Monday, July 25, 2016

Fodder for Dairy Cows

We all know how spring milk is the most coveted milk of all. That is because the young tender grass in that time of year makes great milk. Our question here at Carlton Farms was: Why can't we find a way to make milk of that quality all year round? We have rotated pastures, used a green-chop system, planted different varieties of grass.  All of those things worked to some extent and we still implement most of those practices. However, we still couldn't emulate that spring milk the way we wanted. 
About a year ago we started sprouting barley fodder to feed the cattle. You may ask "what is fodder?". Well I'm glad you did.  
If you have adopted the principles of a Weston A. Price inspired diet you will already know the benefits of soaking and sprouting seeds. To put it in a nutshell, soaking and sprouting increases protein and digestibility. So we are now doing this for our cows. 
We spread the seed on a flat tray and soak with water.  There is a mechanically controlled system that waters the seedbed every couple of hours for 7 days. On the seventh day the seedbed has grown into a 8-10 inch tall mat of grass (see picture above).  Right now we harvest 21 trays of fodder daily, which equals about 1000 pounds of young tender grass. Plans are to double the size of the system this year. To be clear the Fodder grass that the dairy cows receive is in addition to the pasture grass that they already have access to daily.  The fodder is simply a younger more nutritious grass to supplement the pasture.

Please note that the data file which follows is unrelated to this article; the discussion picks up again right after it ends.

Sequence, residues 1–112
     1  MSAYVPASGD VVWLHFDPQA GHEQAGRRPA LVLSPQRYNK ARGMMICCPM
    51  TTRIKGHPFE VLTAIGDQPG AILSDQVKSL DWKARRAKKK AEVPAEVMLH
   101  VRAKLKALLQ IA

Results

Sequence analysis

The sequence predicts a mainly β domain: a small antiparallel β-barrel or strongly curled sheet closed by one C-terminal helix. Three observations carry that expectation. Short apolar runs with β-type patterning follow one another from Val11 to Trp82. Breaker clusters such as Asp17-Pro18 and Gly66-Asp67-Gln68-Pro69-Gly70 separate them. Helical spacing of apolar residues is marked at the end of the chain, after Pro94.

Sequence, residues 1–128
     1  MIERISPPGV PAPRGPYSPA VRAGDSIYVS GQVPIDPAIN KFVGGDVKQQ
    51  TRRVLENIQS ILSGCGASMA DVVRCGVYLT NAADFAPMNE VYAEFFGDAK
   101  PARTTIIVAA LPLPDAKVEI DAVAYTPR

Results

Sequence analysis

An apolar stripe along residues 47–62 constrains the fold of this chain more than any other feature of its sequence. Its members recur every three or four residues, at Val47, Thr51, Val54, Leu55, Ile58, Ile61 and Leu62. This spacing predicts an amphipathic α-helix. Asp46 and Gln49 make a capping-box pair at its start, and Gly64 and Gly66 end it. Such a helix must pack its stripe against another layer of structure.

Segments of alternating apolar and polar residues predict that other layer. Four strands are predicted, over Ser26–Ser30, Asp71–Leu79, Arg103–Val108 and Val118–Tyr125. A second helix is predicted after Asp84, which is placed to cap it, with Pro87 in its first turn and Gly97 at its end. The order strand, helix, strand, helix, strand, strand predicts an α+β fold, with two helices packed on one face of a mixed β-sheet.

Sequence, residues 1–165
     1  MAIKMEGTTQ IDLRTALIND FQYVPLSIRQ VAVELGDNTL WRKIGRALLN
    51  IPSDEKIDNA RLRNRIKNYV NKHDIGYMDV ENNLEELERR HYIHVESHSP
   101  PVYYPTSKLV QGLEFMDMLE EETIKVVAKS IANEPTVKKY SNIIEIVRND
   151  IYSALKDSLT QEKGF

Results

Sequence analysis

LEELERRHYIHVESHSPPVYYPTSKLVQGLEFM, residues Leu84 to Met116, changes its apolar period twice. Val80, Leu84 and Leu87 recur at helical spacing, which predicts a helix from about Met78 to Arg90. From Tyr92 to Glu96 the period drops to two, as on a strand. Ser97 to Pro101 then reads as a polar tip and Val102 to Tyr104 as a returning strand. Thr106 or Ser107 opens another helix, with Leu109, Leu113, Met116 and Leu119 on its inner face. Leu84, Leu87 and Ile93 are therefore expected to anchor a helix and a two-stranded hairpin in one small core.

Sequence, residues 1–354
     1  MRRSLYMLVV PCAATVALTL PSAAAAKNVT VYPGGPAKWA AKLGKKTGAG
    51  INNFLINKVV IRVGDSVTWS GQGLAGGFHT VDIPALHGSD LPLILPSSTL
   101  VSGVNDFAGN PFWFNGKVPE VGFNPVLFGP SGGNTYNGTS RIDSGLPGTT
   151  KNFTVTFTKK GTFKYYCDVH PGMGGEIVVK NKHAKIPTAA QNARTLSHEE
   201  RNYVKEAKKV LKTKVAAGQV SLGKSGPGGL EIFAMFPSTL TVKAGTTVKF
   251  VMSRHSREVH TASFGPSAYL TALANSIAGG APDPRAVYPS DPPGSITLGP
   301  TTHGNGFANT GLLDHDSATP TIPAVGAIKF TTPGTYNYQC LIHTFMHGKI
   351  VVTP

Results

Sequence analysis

Currently our dairy cattle are grass fed as I described above, but they do receive a small amount of feed in the barn when they come in to be milked. Our hope is that by increasing the fodder production, we will eventually be able to go to provide for the demanding nutrient requirements of our dairy cows while feeding no grain.
Cross-Section of Fodder grown for Dairy Cows